Gracious tact and spiritual verbal diplomacy are proofs of grace at work in your life.
Third, grace enables us to stand with conviction.
Romans 5:1 Therefore, having been justified by faith, we have peace with God through our Lord Jesus Christ, 2. through whom also we have obtained our introduction by faith into this grace in which we stand.
Another verse that refers to our doctrinal standing is
Hebrews 13:9 Do not be carried away by varied and strange teachings; for it is good for the heart to be strengthened by grace.
We not only have doctrinal standing by grace but, Paul wrote in Titus 2:11 For the grace of God has appeared, bringing salvation to all men, 12. instructing us (notice, the grace of God instructs us) to deny ungodliness and worldly desires and to live sensibly, righteously and godly in the present age.
Many today would say that grace enables a believer to live in sin. “Don’t worry about that man . . . grace!” The Bible actually reveals that true grace in the life of the genuine believer enables that man or woman not to live in sin, but to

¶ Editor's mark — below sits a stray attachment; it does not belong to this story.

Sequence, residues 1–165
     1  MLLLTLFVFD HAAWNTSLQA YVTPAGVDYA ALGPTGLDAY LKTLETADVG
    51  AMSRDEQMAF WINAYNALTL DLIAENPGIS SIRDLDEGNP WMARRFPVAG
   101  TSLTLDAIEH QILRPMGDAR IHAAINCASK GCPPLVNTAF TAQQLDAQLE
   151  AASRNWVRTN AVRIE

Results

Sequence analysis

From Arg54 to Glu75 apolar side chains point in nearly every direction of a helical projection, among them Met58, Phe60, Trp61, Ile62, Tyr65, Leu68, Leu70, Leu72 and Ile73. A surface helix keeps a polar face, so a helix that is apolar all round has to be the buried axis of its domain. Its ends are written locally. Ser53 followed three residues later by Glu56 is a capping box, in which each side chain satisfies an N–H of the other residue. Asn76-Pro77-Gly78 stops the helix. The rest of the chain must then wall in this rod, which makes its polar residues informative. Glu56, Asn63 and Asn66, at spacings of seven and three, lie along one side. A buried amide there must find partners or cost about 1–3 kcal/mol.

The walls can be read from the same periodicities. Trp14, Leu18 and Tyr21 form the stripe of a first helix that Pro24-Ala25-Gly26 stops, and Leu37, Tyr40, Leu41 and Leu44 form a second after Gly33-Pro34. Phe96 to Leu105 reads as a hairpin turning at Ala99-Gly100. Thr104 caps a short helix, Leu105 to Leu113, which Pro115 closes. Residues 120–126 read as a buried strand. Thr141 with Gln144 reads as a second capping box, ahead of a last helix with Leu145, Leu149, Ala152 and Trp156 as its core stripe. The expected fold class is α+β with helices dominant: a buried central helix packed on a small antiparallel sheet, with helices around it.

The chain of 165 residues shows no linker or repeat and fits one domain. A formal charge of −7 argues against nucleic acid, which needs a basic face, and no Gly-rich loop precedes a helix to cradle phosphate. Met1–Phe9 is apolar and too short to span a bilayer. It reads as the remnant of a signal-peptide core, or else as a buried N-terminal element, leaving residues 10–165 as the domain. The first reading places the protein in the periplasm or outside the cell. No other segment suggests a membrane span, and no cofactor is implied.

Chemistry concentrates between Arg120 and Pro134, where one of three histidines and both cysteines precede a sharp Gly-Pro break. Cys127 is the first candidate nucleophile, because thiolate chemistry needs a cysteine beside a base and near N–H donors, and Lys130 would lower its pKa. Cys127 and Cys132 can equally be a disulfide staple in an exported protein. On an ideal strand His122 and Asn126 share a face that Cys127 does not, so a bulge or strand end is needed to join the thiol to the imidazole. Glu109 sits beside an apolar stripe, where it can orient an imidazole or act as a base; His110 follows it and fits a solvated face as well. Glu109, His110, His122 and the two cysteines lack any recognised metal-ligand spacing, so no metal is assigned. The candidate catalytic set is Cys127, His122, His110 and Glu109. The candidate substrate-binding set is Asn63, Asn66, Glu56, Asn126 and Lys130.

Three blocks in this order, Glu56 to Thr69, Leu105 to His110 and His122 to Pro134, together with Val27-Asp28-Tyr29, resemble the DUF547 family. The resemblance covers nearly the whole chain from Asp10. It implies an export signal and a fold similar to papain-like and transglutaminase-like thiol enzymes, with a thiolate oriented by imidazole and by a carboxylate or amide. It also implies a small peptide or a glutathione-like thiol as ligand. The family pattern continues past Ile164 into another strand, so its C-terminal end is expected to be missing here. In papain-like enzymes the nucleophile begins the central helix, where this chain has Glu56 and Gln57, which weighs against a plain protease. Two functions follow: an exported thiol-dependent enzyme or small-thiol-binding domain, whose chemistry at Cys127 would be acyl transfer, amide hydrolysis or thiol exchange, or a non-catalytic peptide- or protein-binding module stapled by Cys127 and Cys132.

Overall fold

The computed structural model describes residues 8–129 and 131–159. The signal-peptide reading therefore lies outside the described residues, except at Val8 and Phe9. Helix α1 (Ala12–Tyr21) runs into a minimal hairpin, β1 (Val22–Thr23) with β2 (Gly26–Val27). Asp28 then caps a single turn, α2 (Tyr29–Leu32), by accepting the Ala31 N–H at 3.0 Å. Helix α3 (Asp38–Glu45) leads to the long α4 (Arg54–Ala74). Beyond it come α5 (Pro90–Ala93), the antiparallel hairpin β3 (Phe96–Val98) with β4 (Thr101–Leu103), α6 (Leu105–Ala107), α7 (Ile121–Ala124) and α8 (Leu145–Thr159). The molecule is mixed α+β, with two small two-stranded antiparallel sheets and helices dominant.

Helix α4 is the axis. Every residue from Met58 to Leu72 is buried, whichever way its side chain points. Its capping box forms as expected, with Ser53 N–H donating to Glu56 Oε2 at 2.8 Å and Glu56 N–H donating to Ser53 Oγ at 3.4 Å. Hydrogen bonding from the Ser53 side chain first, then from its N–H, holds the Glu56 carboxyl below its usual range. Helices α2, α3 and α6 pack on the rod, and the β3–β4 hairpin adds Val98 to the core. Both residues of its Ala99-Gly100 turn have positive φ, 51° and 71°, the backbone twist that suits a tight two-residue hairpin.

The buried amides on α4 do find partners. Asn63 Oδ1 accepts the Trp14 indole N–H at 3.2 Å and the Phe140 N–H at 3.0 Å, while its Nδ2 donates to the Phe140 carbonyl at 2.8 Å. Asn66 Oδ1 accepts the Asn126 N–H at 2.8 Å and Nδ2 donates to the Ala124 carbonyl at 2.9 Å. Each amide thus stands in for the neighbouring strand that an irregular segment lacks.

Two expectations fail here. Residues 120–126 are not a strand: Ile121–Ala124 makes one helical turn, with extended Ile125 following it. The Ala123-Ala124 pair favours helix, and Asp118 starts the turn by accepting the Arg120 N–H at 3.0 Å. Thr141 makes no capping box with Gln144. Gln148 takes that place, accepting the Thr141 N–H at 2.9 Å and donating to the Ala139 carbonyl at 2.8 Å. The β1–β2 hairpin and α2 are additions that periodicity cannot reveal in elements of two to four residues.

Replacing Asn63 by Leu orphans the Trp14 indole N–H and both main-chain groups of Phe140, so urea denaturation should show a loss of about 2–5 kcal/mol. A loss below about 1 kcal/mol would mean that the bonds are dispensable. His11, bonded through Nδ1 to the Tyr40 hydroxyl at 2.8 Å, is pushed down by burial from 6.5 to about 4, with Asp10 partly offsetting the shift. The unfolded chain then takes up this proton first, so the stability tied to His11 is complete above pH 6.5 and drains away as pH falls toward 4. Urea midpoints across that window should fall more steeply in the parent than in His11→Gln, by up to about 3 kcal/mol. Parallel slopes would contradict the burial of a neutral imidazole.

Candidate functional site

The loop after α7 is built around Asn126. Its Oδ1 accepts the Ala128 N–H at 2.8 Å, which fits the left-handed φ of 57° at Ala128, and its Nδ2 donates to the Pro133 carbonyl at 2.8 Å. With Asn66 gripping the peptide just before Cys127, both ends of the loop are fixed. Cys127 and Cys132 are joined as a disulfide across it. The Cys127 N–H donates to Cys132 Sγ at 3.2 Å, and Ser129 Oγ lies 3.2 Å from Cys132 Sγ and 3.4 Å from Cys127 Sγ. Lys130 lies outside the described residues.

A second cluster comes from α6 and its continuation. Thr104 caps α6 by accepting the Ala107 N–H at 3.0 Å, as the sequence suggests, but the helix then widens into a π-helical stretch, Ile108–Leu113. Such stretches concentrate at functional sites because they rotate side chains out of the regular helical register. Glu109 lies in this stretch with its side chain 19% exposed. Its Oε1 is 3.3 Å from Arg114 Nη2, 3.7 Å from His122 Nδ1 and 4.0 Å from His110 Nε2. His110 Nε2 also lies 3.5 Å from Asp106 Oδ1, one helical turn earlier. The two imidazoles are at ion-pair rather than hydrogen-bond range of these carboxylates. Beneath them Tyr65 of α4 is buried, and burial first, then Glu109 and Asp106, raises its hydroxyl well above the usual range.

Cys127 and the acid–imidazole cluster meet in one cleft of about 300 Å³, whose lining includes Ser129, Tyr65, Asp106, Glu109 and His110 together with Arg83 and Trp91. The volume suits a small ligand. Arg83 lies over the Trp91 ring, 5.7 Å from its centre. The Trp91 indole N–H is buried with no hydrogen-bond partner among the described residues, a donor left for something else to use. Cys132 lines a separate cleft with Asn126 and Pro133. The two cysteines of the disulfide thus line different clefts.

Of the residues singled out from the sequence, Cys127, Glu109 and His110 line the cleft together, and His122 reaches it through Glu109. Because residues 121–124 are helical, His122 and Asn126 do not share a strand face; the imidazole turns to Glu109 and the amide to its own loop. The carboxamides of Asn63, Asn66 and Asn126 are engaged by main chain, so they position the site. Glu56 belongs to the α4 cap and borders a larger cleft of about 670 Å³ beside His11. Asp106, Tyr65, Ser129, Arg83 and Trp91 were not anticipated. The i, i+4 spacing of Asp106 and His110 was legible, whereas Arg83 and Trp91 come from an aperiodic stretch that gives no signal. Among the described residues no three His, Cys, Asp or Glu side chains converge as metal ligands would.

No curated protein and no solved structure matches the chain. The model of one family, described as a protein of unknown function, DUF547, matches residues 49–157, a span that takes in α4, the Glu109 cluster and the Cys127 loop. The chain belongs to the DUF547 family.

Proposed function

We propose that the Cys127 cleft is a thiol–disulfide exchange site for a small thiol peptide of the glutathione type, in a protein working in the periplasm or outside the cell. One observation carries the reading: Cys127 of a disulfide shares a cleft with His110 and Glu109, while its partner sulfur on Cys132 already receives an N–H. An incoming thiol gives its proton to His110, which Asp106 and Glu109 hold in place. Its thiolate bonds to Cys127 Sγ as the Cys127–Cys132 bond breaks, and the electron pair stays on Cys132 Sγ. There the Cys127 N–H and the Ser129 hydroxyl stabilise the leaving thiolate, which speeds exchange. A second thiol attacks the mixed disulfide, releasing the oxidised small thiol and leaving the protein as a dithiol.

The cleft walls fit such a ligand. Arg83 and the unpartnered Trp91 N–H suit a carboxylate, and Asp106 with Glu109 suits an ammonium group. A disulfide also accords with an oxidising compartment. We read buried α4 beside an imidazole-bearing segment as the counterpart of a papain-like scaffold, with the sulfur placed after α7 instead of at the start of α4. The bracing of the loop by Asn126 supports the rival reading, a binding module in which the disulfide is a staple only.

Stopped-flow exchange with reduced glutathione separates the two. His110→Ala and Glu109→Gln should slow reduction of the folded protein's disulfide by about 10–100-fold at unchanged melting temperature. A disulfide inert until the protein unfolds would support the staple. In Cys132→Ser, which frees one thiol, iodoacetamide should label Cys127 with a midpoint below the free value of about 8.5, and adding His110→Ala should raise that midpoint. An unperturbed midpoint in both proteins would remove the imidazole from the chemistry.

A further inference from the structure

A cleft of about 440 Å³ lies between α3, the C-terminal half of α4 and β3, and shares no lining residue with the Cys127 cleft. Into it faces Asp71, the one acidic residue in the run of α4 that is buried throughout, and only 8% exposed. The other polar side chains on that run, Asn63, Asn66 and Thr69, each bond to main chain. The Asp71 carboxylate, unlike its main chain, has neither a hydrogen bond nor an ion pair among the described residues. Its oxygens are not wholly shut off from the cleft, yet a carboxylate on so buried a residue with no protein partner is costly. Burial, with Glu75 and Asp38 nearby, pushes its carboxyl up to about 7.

live without sin.
So grace enables the believer to stand with both moral and theological conviction.
Grace enables us also to surrender with compliance.
James wrote in chapter 4:6, “God is opposed to the proud but He gives grace to the humble.”
Peter wrote, “All of you, clothe yourselves with humility toward one another, for God is opposed to the proud, but gives grace to the humble. 6. Therefore humble yourselves under the mighty hand of God, that He may exalt you at the proper time. (1Peter 5:5)
Surrendering to the will and plan of God with contrition and humility is the result of the in-working of grace.
Total surrender is a forgotten concept in Christianity today.
I like this little story. A chicken and a pig both lived on the same farm. One day the farmer walked into the barnyard and told all the animals that the family wanted ham and eggs for breakfast. Were there any volunteers? The chicken nudged the pig and said, “C’mon, let’s volunteer.” The pig declined saying, “That’s easy for you to suggest. From you they want a little contribution. From me they want total commitment.”
The truth is, commitment to Christ is more than a little contribution. It is a sacrificial surrender of everything to His will.
Next, grace enables us to sacrifice with celebration.
One of the things a true believer does is invest his treasure in the work of God. Paul actually referred to the act of giving as an act of grace. And proof that giving was done in the spirit of grace was the fact that joy accompanied the act.
Paul wrote to the Corinthians:
- Each one must do just as he has purposed in his heart,
not grudgingly or under compulsion, for God loves a cheerful giver. 8. And God is able to make all grace abound to you, so that always having all sufficiency in everything, you may have an abundance for every good deed. (2 Corinthians 9:7-8)